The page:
Stacked Deck

Giving penny-ante politicians a say over lucrative affordable-housing developments seemed like a good idea--until the FBI came calling

And yet for all the money that Potashnik spent and all the risks that he took, his business rests on the kindness of strangers. Thanks to Texas law, local and state officials have the power to stymie a project with a single vote or letter, even after the developer spends hundreds of thousands of dollars on lawyers, engineers, architects and planners. We may find out that Potashnik never broke the law, but the program that funds his developments has paved the way for this type of scandal by putting well-financed developers at the mercy of obscure, often underemployed and not particularly accomplished public officials who have inordinate power to affect the fortunes of a business for years. And with that power comes the potential for abuse.

A few months before federal agents became acquainted with Potashnik, when the wealthy developer had every reason to think he was on top of the world, he told a trade magazine that he has "Mother Teresa on one side of the brain and Bill Gates on the other." So in his world, Potashnik is both a business icon and a saint in the making.

Even in hyperbole, Potashnik cut to the essence of his work, which is far messier, quirkier and ultimately rewarding than the typical residential real estate business. Potashnik operates in a very public arena where the federal government relies on the entrepreneurial class to provide affordable housing. To be as successful and prolific as he, you have to be innovative and shrewd, able to squeeze out competitors by being better and bigger. Kind of like Microsoft.

Brian Potashnik and his wife
Brian Potashnik and his wife

You also have, at least, to show a sense of compassion by providing a safe place for the working poor to live and raise families. Potashnik participates in a program that is regulated by the IRS and the state, both of which are charged with ensuring that developers keep up their properties and provide various social services. If they don't, the state can forbid them from applying for future tax credits, and the IRS can rescind tax credits already awarded, which could land the developer in legal trouble with his investors. For that reason, the investors also inspect the affordable housing that they helped fund, knowing that if it slides into disrepair they could be millions of dollars in debt.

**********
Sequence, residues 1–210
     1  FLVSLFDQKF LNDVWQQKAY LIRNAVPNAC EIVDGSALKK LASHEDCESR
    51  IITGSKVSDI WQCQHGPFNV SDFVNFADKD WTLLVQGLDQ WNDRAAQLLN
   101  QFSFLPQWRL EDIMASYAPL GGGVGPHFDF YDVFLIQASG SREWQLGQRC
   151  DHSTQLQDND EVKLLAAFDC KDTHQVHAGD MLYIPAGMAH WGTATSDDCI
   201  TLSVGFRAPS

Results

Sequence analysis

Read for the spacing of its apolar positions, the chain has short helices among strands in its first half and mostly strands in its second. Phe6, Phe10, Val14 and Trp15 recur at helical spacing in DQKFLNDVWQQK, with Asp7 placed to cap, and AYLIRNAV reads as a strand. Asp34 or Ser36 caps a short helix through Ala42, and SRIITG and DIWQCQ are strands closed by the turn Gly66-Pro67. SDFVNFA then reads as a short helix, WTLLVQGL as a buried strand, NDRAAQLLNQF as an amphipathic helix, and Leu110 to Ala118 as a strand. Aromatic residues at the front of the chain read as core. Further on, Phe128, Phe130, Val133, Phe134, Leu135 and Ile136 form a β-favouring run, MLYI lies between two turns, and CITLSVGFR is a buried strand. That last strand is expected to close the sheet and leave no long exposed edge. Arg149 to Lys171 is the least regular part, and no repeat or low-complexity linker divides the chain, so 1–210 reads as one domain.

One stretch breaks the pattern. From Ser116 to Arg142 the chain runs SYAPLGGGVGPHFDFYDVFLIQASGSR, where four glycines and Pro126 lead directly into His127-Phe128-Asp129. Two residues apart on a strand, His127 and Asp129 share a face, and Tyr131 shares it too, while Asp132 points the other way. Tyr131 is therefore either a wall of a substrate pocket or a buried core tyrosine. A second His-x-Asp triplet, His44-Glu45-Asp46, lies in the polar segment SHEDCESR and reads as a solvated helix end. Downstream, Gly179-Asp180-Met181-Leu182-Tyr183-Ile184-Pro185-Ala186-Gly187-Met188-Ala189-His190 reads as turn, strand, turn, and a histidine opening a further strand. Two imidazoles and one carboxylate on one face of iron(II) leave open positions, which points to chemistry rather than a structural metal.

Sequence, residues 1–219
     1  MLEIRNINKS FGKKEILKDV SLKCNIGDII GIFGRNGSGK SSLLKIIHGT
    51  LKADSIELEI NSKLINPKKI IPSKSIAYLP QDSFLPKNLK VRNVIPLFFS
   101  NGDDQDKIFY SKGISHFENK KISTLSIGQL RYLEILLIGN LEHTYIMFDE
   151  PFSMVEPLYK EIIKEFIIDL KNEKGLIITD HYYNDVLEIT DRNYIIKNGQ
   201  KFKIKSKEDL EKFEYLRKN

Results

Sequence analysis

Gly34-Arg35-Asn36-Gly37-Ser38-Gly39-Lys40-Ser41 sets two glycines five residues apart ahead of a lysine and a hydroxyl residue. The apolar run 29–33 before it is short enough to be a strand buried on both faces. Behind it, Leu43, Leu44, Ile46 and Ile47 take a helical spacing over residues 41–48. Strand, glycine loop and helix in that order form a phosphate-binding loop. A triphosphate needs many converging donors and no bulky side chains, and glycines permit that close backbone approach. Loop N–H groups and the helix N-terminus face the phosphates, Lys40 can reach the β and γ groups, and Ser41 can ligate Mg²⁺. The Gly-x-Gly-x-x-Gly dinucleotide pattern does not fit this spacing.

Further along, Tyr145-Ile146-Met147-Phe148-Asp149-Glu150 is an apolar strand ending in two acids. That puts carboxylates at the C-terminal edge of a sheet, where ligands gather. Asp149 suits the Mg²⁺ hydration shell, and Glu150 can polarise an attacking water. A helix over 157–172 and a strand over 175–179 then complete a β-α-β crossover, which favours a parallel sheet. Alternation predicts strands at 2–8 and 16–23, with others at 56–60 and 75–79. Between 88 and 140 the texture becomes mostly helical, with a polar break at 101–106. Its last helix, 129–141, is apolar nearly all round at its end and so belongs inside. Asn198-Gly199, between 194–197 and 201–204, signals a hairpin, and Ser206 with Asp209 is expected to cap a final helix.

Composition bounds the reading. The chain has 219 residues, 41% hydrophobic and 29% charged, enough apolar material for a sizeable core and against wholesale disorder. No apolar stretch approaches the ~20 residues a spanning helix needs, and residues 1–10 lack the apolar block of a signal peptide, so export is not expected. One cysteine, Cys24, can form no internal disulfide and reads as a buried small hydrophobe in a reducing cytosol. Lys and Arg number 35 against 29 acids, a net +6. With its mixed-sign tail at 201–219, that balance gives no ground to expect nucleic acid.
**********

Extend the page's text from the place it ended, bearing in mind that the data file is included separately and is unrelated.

To Potashnik's credit, people in the industry applaud Southwest Housing and how it manages its properties.

"Their product is superior," says Phil Nelson, a board member at the San Antonio Housing Authority. "What they're doing in San Antonio is top grade. Their management is good. Their services are good."

"He has a development in Austin that I wish our company's name was attached to," says Sandy Williams, the executive director of Alamo Area Mutual Housing, a nonprofit development company. "It's that good."

The Austin property Williams envies is the Rosemont at Oak Valley, located in a pleasant neighborhood south of downtown. A recent visit to the Rosemont shows a thriving complex of distinct town houses with expansive patios and balconies, ceramic tile entries and French doors highlighting cozy interiors. At the center of the complex is a swimming pool that could serve as the backdrop for a Hilton Head commercial.

More important, the property is surprisingly affordable. The rent for a four-bedroom apartment at the Rosemont is $822, and tenants can earn no more than $42,000 annually per household for a family of four. Like most tax-credit properties, the Rosemont is still not affordable enough for the hourly employees at fast-food restaurants and gas stations. Instead Southwest has constructed an idyllic place for construction workers, plumbers and clerical workers to live while saving for a new home.

"I really think they do a fabulous job," Williams says. "It's a shame the investigation has cast a pall over what they do."


The Dallas FBI investigation would make for a terrible movie. There are too many characters competing for screen time, a confusing story line and a host of subplots that seem to have little connection with the main action. The cast of secondary characters is stocked with obscure players like Ruth Steward, and the moral worth of our protagonists is hard to measure. It would kind of be like Syriana, only without George Clooney and Matt Damon.

But for any fledgling screenwriters who want to pitch this as a movie, here's the back-of-the-napkin guide to the ugly urban drama that has unfolded over the last seven months: Two Dallas developers, Potashnik and his former-underling-turned-competitor Bill Fisher, have caught the attention of federal agents for the ways in which they have tried to influence city council members, state lawmakers and appointed officials. Since news of the investigation broke in June, we've heard accounts of shady side players exchanging envelopes stuffed with cash at a local gas station and of a so-called consultant lending a luxury sedan to the city's mayor pro tem.

FBI agents have raided council member James Fantroy's security company office and have searched the law office, home and City Hall office of Mayor Pro Tem Don Hill, who was once regarded as a mayoral hopeful. Both men have lent crucial political support to Potashnik's and Fisher's projects, often in the face of public opposition. In fact, without them as allies, the two developers likely would have been forced to scrap half a dozen planned developments. In addition to Fantroy and Hill, every black member of the Dallas City Council has been named in federal subpoenas.

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